From Boston to Beijing, municipalities are investing millions to emerge as “Smart Cities,” places that are penetrated with connected devices that feed data to smart systems that in turn generate civil and consumer benefits
Smart Cities of the future will send real-time data on everything from traffic congestion, pollution levels, power and water availability, and parking spaces, for example, to powerful computers that crunch data, optimize operations, and alert authorities to problems. Although the details vary, the basic goal is to create efficient infrastructure, aid urban planning, and improve residents’ well-being.
As emerging technologies reshape our urban environments with low-power sensors, wireless networks, and web and mobile applications, the benefits are expected to be substantial. With the right tools, a networked fire alarm would not simply call out for a fire engine; it would also determine the best route and redirect traffic. Garbage trucks will be alerted to the location of solid waste that needs collecting, and sensors in our cars will direct us towards available parking spaces.
The U.S. has a few city success stories, with New York City and San Francisco at the top of this list. New York’s NYC OpenData offers the public more than 1,000 sets of data, from health inspection results to graffiti removal requests. San Francisco, another open-data pioneer, provides data and dozens of apps that locate everything from playgrounds to parking spaces. Recently, StateScoop identified eight other emerging U.S. “Smart Cities” that bear watching: Austin, Boston, Boulder, Burlington (VT), Charlotte, Chicago, Miami, and San Antonio. These communities, currently plotting distinct paths toward smarter operations based on available budgets and various public-private partnerships, share a common vision to be more connected, efficient, and productive.
Charlotte, which has partnered with Envision Charlotte to make the city more efficient, was one of eight cities inducted in the Global Smart City and Community Coalition at the National Institute of Standards and Technology’s Global City Teams Challenge Expo in June 2015. Charlotte’s efforts in energy alone have saved citizens more than $10 million since the program’s launch in 2011. In April 2015, Charlotte created a Smart City Cabinet to proactively apply innovation, technology, and data to enhance, transform, and improve citizen services.
Building a smart city of the future requires focused effort and attention.Cities have not been successful doing one-time “datapaloozas” where analytic experts pore over data from diverse sources looking for new ways to combine them. Outside the area of public transit, this type of ad hoc investigation has rarely translated into game-changing success. Very few apps using open data have made the jump from interesting innovation to reliable consumer service.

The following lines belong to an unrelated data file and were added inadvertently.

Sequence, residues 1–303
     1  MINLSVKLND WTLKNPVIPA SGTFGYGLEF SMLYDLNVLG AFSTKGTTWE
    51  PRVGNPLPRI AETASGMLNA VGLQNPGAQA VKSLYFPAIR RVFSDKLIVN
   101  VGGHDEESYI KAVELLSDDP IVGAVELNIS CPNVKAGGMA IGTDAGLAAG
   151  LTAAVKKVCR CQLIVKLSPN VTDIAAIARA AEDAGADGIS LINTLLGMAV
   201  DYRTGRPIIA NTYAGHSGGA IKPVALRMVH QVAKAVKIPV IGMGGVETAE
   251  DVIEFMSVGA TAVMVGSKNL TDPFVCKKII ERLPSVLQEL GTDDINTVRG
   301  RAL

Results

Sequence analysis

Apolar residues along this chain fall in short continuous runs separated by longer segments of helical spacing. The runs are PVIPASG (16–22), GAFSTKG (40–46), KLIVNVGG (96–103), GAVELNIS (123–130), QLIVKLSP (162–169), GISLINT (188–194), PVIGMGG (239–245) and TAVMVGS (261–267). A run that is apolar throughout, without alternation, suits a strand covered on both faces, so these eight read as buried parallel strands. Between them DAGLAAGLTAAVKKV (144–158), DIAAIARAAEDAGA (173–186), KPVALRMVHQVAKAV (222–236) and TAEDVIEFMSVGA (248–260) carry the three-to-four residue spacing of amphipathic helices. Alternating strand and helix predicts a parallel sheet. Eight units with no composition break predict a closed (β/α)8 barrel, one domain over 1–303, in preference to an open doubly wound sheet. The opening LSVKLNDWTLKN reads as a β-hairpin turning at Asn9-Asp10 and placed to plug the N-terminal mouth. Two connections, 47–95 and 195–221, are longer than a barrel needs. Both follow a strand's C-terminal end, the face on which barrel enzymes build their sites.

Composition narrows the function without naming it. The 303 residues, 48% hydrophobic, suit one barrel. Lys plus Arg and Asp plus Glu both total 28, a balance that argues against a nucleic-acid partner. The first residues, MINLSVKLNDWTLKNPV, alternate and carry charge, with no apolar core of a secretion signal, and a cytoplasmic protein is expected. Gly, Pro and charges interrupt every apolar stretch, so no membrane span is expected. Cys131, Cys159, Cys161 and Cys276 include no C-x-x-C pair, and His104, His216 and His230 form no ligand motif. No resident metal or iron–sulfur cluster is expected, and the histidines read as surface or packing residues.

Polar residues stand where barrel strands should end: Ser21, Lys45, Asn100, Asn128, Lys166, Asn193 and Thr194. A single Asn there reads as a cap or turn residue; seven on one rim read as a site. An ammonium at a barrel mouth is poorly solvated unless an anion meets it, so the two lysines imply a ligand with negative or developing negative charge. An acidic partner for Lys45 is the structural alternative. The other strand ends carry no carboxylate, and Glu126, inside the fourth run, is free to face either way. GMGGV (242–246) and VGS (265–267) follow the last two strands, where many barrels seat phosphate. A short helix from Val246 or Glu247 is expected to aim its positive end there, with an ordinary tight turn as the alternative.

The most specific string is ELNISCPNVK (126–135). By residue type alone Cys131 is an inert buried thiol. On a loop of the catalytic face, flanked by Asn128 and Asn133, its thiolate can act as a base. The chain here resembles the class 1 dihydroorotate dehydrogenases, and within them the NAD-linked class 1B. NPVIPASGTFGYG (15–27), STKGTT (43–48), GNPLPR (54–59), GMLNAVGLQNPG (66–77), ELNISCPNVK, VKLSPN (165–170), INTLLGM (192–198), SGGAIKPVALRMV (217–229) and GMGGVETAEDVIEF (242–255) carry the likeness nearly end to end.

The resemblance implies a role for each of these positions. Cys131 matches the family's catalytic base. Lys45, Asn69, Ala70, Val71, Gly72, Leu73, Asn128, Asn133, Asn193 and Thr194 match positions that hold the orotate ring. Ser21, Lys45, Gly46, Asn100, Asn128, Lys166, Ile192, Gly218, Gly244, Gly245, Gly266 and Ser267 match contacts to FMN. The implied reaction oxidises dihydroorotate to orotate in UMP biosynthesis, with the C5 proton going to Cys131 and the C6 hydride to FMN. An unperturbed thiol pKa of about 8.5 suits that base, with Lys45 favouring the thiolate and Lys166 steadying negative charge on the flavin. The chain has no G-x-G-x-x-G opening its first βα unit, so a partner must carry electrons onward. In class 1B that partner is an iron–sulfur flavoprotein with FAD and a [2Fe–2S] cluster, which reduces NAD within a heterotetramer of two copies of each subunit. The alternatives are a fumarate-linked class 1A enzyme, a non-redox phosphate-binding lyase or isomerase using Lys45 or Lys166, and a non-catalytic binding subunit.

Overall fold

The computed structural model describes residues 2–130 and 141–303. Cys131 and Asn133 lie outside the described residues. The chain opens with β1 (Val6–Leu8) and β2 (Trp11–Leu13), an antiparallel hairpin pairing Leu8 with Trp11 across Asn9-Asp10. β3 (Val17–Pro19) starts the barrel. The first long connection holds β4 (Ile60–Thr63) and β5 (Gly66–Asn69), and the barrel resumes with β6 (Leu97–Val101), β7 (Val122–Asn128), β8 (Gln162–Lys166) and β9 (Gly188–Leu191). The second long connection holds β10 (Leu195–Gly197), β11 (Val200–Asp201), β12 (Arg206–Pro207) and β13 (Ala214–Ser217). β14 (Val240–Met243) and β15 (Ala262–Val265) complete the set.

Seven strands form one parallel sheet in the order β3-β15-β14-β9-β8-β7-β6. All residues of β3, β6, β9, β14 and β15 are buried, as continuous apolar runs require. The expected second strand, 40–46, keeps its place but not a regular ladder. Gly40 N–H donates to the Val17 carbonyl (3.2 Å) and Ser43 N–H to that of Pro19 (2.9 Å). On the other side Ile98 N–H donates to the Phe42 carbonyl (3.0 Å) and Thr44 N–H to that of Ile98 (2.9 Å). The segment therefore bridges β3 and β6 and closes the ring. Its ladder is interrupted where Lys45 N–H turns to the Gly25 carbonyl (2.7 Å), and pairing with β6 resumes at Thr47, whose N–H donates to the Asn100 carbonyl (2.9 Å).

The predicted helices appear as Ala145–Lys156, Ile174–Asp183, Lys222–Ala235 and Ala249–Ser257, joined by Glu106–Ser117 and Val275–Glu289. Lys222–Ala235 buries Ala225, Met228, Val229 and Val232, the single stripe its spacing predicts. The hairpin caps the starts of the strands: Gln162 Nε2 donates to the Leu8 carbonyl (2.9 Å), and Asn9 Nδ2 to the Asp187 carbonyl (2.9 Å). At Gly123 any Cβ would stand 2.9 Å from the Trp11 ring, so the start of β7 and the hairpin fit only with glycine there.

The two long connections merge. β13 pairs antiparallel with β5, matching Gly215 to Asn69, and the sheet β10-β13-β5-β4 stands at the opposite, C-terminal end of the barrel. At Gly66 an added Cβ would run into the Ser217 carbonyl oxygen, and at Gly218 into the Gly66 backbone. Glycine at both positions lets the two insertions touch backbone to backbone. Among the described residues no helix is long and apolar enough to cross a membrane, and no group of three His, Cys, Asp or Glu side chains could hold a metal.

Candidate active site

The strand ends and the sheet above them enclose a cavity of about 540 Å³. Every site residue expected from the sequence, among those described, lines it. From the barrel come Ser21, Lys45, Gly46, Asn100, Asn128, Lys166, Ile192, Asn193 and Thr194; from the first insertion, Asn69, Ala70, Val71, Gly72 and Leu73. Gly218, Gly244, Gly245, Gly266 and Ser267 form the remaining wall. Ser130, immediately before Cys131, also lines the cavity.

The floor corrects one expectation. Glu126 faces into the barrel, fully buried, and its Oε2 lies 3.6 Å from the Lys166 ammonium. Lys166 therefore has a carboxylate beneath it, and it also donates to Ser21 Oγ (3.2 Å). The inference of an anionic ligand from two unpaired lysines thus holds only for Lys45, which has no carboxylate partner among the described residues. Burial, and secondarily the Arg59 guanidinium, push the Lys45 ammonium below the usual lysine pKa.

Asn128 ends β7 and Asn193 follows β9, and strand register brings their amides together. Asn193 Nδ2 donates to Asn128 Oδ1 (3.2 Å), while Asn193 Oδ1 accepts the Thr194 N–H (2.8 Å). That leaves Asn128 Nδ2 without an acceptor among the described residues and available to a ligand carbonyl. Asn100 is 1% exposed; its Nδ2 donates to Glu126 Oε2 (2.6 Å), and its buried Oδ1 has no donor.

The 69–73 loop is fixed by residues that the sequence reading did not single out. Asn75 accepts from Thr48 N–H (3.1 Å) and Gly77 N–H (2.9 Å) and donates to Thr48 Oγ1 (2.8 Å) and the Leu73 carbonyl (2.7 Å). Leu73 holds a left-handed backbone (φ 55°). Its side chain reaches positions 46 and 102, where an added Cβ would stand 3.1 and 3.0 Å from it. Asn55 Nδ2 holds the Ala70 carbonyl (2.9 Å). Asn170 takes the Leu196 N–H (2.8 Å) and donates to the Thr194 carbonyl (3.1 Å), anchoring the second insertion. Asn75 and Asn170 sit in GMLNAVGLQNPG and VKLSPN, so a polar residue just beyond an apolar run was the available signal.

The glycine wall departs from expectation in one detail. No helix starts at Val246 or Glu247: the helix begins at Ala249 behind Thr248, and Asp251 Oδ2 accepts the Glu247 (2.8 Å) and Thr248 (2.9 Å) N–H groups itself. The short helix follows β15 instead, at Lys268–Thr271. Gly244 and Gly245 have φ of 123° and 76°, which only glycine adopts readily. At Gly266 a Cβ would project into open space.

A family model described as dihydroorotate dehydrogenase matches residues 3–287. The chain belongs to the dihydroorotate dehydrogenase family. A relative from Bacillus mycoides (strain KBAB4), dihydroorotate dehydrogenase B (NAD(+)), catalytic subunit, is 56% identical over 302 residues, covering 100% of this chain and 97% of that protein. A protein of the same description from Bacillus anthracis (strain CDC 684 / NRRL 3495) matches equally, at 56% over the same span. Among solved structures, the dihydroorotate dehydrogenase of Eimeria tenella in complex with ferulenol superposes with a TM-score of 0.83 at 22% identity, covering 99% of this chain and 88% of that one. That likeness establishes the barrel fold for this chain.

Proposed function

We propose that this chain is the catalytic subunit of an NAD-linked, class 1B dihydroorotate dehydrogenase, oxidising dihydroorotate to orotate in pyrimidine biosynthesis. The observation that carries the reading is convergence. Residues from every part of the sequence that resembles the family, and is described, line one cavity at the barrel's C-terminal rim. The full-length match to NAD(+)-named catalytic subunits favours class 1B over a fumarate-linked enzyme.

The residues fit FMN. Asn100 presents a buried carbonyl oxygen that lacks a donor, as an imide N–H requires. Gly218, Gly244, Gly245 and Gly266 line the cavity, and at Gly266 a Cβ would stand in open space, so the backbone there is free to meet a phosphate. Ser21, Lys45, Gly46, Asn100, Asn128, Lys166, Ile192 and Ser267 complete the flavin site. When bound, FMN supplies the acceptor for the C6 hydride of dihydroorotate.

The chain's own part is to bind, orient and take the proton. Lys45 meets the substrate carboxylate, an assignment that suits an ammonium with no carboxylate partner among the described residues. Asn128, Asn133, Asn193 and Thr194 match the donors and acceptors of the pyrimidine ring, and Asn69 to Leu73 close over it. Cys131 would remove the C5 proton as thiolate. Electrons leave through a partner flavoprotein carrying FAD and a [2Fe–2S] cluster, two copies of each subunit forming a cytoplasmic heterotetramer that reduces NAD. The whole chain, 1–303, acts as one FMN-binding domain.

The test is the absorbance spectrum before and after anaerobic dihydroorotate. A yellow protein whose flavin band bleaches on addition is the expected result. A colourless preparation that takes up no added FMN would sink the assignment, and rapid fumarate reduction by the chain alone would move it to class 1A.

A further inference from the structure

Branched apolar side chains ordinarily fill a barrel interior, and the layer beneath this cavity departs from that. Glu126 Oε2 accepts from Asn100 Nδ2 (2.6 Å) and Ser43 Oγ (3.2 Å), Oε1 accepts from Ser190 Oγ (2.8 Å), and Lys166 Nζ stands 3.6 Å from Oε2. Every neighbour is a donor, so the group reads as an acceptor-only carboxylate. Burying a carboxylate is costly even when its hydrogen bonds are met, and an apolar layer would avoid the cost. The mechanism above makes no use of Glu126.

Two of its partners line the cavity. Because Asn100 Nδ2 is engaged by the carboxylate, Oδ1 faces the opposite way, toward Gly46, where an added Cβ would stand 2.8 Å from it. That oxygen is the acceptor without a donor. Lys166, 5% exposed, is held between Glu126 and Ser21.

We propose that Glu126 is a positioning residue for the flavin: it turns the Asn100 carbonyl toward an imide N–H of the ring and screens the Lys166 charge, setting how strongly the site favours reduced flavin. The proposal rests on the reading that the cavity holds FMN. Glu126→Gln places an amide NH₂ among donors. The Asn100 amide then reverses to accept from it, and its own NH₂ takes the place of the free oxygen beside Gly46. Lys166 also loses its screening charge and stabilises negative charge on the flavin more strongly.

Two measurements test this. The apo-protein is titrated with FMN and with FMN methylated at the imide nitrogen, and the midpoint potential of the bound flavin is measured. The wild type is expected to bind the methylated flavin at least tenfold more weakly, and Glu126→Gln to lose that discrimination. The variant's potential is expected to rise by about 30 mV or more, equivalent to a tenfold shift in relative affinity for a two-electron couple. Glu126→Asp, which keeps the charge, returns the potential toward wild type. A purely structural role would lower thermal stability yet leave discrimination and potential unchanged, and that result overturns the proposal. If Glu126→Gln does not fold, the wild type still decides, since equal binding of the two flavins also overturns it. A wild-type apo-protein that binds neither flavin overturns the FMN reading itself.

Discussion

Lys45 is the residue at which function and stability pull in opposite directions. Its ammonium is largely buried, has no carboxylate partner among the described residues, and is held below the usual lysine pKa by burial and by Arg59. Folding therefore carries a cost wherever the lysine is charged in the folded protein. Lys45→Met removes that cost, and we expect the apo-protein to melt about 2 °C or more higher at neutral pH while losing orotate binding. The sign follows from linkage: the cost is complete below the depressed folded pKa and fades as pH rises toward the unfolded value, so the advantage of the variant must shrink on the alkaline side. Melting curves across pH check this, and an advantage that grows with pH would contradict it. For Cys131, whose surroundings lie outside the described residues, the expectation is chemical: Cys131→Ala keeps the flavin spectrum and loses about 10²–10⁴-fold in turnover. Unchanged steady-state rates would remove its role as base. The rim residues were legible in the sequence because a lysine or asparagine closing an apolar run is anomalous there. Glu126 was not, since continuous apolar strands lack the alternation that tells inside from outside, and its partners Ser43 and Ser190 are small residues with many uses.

The Obama Administration is encouraging the Smart Cities movement. A few weeks ago, the Administration announced a new “Smart Cities” initiative that will provide $160 million to support federal research and to leverage more than 25 new technology collaborations that help communities address traffic congestion, crime, economic growth, and the delivery of city services. The new initiative targets federal resources to meet local needs and to support community-led solutions.
Can North Carolina communities capture some of these federal dollars? The Research Triangle Cleantech Cluster will be hosting a meeting at IEI in early November to explore this opportunity. As North Carolina continues to urbanize, our communities should seek to be on the leading edge of the Smart Cities movement. Two-thirds of North Carolinians live in urban areas, and future growth is expected to be strongest in the Triangle, Charlotte, and Wilmington metro areas, where populations may grow by 70 percent between 2010 and 2050. The “internet of things” – the emerging world of ubiquitous connected devices and sensors – will revolutionize these areas.
Can North Carolina’s urban centers lead the way toward smart city implementation? If that is to happen, senior leadership in each of North Carolina’s urban communities must seek to drive innovation and leverage technology wherever possible. As Smart Cities author Anthony Townsend points out, “It is not just a transformation of the physical, it is also about transforming the economy, transforming the way social interaction happens, both online and in the public space, it’s about transforming governance and its about transforming the process of city planning and city building as well.”
Join the Institute of Emerging Issues at its annual Emerging Issues Forum February 8-9 to further discuss smart cities during a breakout session on February 9.
Author: Diane Cherry, Environments Policy Manager, Institute for Emerging Issues